R: When your body of work is considered as a whole, this tendency of yours to break free from the confinements that convention has set visual arts is quite apparent. A long time ago you drew portraits of people from your genealogical register with colorful children’s markers. You have sought inspiration in the old handiwork involved in hair ornaments, exhibited photographs within the aesthetics of fashion photography, worked with musicians, theater people, designers and stylists. To some extent it can be said that one of the characteristics of contemporary art is delving into other media and testing the boundaries, but you’ve said that you’ve struggled with this. You’re not comfortable with defining what you do, are you? Or how do you see this now?
HA: I allow myself to jump between art disciplines and I link all my interests and obsessions to my art. I love being in that gray area and letting in things that I feel have something to do with the works, because it’s in my nature to keep as many doors open as possible and to study channels that at first might not seem to have a connection to visual art but lead there in the end. Sometimes I just can’t help it – it’s like the material and ideology chooses you and not the other way around. I prefer a very organic work process. Not knowing what the final result will be gives me a sense of security but also a sense of excitement, which is maybe why I’ve so often veered toward installation in my work. I like surprising myself, using my insight and just letting things happen. Human life and nature is my subject and it can get a bit corny, but I try to enjoy it and just let go of the cool to see what happens – I want to stand by my work.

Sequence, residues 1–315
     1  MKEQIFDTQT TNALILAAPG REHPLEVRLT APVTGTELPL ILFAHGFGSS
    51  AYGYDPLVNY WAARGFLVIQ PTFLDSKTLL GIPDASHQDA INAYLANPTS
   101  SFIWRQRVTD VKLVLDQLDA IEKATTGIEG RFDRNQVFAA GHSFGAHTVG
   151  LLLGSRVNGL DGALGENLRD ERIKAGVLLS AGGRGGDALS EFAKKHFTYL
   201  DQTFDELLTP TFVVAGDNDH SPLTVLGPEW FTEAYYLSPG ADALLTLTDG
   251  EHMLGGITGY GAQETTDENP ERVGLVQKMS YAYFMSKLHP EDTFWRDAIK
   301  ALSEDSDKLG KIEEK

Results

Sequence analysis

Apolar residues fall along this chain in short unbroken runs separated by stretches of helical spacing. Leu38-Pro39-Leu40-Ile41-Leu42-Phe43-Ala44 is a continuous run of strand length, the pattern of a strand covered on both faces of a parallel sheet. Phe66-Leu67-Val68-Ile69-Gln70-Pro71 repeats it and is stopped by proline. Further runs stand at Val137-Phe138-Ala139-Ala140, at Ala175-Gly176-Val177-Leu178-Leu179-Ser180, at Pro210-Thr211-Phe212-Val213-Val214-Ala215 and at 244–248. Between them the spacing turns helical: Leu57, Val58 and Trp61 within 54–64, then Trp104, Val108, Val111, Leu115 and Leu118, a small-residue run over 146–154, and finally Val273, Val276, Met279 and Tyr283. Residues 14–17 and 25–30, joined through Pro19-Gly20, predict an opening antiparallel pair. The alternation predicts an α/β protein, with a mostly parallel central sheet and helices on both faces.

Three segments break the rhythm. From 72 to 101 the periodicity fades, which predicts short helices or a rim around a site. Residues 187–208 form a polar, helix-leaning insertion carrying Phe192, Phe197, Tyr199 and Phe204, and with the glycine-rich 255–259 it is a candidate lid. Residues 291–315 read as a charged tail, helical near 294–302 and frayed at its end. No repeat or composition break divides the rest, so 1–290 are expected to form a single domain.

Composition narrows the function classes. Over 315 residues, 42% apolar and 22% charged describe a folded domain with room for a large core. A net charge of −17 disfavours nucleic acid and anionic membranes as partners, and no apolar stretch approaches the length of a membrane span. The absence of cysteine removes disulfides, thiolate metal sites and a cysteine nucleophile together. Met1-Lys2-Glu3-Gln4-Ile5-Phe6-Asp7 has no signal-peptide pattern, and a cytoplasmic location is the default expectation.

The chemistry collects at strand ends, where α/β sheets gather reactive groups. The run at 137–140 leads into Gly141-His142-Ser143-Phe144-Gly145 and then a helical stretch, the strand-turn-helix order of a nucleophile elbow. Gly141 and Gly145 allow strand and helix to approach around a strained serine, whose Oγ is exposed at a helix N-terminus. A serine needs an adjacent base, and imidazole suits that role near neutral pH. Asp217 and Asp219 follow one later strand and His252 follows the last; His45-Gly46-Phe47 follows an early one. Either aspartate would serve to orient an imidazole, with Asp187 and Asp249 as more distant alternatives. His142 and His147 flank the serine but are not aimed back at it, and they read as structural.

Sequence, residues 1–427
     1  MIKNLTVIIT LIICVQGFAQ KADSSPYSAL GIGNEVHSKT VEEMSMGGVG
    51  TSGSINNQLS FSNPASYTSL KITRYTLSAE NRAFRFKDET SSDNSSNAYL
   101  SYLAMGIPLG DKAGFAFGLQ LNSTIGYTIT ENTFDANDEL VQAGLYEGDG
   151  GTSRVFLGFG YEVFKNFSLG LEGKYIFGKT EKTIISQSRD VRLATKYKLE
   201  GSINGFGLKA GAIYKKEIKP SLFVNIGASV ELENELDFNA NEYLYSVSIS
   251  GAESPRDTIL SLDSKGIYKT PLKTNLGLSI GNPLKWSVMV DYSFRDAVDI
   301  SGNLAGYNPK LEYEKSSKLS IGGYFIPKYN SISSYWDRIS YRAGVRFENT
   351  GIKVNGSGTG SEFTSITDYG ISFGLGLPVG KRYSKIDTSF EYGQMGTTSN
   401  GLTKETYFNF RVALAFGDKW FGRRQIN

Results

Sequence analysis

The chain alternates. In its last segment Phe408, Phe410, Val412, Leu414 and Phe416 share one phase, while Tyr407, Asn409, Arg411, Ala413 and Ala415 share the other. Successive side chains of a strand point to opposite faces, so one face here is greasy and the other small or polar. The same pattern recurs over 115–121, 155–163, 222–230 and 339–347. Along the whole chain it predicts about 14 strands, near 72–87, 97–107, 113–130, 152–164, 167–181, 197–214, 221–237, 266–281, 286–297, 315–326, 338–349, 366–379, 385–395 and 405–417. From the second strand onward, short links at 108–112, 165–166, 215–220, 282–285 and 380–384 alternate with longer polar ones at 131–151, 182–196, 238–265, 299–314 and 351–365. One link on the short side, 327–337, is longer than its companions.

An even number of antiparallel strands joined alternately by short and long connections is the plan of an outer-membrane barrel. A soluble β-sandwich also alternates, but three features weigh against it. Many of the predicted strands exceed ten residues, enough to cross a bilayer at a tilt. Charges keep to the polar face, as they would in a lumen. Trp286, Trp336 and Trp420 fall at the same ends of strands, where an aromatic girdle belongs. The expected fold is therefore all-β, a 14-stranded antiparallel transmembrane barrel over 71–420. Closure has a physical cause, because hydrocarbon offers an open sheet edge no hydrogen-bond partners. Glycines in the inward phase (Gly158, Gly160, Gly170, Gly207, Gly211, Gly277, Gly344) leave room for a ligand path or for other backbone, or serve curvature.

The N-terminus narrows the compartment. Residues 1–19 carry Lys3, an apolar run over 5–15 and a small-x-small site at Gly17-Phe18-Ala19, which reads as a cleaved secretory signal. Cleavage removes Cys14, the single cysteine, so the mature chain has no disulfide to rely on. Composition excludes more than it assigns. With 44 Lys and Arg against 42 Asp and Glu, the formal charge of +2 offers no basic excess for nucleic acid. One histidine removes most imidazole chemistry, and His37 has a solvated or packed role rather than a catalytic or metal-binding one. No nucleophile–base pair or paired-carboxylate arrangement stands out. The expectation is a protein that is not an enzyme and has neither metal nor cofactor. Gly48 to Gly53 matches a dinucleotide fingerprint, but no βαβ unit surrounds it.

But because I’ve worked as a stylist, made costumes for theater, and designed clothes alongside my art and let that influence my work, some might find it difficult to pinpoint where I stand. Someone recently called me a visual-arts-designer, which is a refreshing and hilarious neologism, but I’m always first and foremost a visual artist, even though I rummage through other art forms and use my studies and experience. Some people are obsessed with placing you in a box with a certain label, even if you’d have to make up titles like visual-arts-hygiene-technician or maybe visual-arts-cashier. This is just an old problem that I don’t worry about anymore, but I must admit that it got on my nerves for a while, when I was young and inexperienced in the business.
R: What’s next for you?
HA: I recently founded, with my boyfriend Michal, the Arnardóttir-Jurewicz Art Foundation, which hosted its first event last year – an Icelandic-Polish workshop in a house we own in the Polish countryside. This is a long-term project that we intend to run for years to come; we want to create a place where people can work on their art in peace and quiet or in a group. The house is old and beautiful and the environment is tranquil. Last year was a great success and this summer we’re going to have a New York-Polish workshop. In the future we’ll accept applications for ateliers all year round from individuals and groups, but the house isn’t ready yet for winter lodging so we’re going slow to begin with as we’re still formulating the project and its policies. After Poland this July, I might manage a vacation with the family before I start teaching at Parsons this fall – I was recently offered a job in a new department called IDC (Integrated Design Curriculum). I have an exhibition in Trolley Gallery in London coming up in October. So 2009 is full of projects and assignments, as I also have a few other things going on. I can’t complain and I feel very good with my work.
Markús Thór Andrésson spoke with Hrafnhildur on behalf of Rafskinna